Japanese Spacecraft On Four-Year Journey To Bring Home Asteroid Samples. Tokyo (AFP) May 09, 2003 - A Japanese spacecraft blasted off Friday on an ambitious four-and-a-half-year journey to bring asteroid samples back to Earth for the first time. The mid-size solid-fuel M-5 rocket, carrying an unmanned MUSES-C probe, lifted off from the Kagoshima Space Centre in the southern Japanese town of Uchinoura at 1:29 pm (0429 GMT) as scheduled. See

Mapping The Hidden Universe. Cardiff - May 14, 2003 - Astronomers from Cardiff University are completing the first survey ever for cosmic hydrogen, the primeval gas which emerged from the Big Bang to form all the stars and galaxies we can see today. See

New Mars Water Theory Looks at Wind. May 7, 2003 — Mars' most celebrated watery feature may not from water at all, but from wind, says a geologist who has found the driest, dustiest explanation yet for Martian gullies. See

Brighter Neptune Suggests A Planetary Change Of Seasons
Springtime is blooming on Neptune! This might sound like an oxymoron because Neptune is the farthest and coldest of the major planets. But NASA Hubble Space Telescope observations are revealing an increase in Neptune's brightness in the southern hemisphere, which is considered a harbinger of seasonal change, say astronomers. See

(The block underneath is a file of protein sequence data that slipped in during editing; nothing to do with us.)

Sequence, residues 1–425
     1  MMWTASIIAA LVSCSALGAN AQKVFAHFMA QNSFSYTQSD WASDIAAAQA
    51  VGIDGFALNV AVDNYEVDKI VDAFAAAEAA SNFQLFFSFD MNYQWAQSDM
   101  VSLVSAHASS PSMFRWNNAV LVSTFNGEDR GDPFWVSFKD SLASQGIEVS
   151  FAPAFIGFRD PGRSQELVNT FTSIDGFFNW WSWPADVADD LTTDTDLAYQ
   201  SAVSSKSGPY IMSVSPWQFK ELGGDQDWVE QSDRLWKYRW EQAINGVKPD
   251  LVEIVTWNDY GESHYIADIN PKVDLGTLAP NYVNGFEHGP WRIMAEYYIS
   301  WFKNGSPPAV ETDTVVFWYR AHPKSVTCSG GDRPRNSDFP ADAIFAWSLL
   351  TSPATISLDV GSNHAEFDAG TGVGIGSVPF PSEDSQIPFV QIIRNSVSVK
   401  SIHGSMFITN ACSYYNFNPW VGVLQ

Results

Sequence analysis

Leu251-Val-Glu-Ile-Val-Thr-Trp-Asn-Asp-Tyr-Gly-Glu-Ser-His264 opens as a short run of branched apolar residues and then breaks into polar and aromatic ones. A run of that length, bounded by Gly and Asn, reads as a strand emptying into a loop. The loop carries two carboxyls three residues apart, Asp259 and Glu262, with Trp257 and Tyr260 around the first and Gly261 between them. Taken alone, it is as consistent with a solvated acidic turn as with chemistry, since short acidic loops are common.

DNA Barcodes Catalogue Animals
A short genetic sequence is enough to identify almost any species. See

DNA from dung
New, non-invasive collection, extraction, and amplification protocols provide high quality DNA from animal dung. These research techniques will enable a broad application of genetic analysis, particularly with regard to endangered, elusive, or aggressive species. See

Electricity extracted from grape
Researchers prove plants or animals could power tiny sensors. See

Fetus Heart Races When Mom Reads Poetry; New Findings Reveal Fetuses Recognize Mother’s Voice In-utero
New research findings on the ability of a fetus to recognize its mother's voice and even distinguish it from other female voices confirms what scientists have speculated about for more than 20 years - that experiences in the womb help shape newborn preferences and behaviour. See